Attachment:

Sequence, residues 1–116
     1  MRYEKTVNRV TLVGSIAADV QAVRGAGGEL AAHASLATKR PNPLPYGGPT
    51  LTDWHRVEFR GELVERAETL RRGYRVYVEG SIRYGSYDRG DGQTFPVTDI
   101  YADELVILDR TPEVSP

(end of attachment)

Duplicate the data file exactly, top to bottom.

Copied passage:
Sequence, residues 1–116
     1  MRYEKTVNRV TLVGSIAADV QAVRGAGGEL AAHASLATKR PNPLPYGGPT
    51  LTDWHRVEFR GELVERAETL RRGYRVYVEG SIRYGSYDRG DGQTFPVTDI
   101  YADELVILDR TPEVSP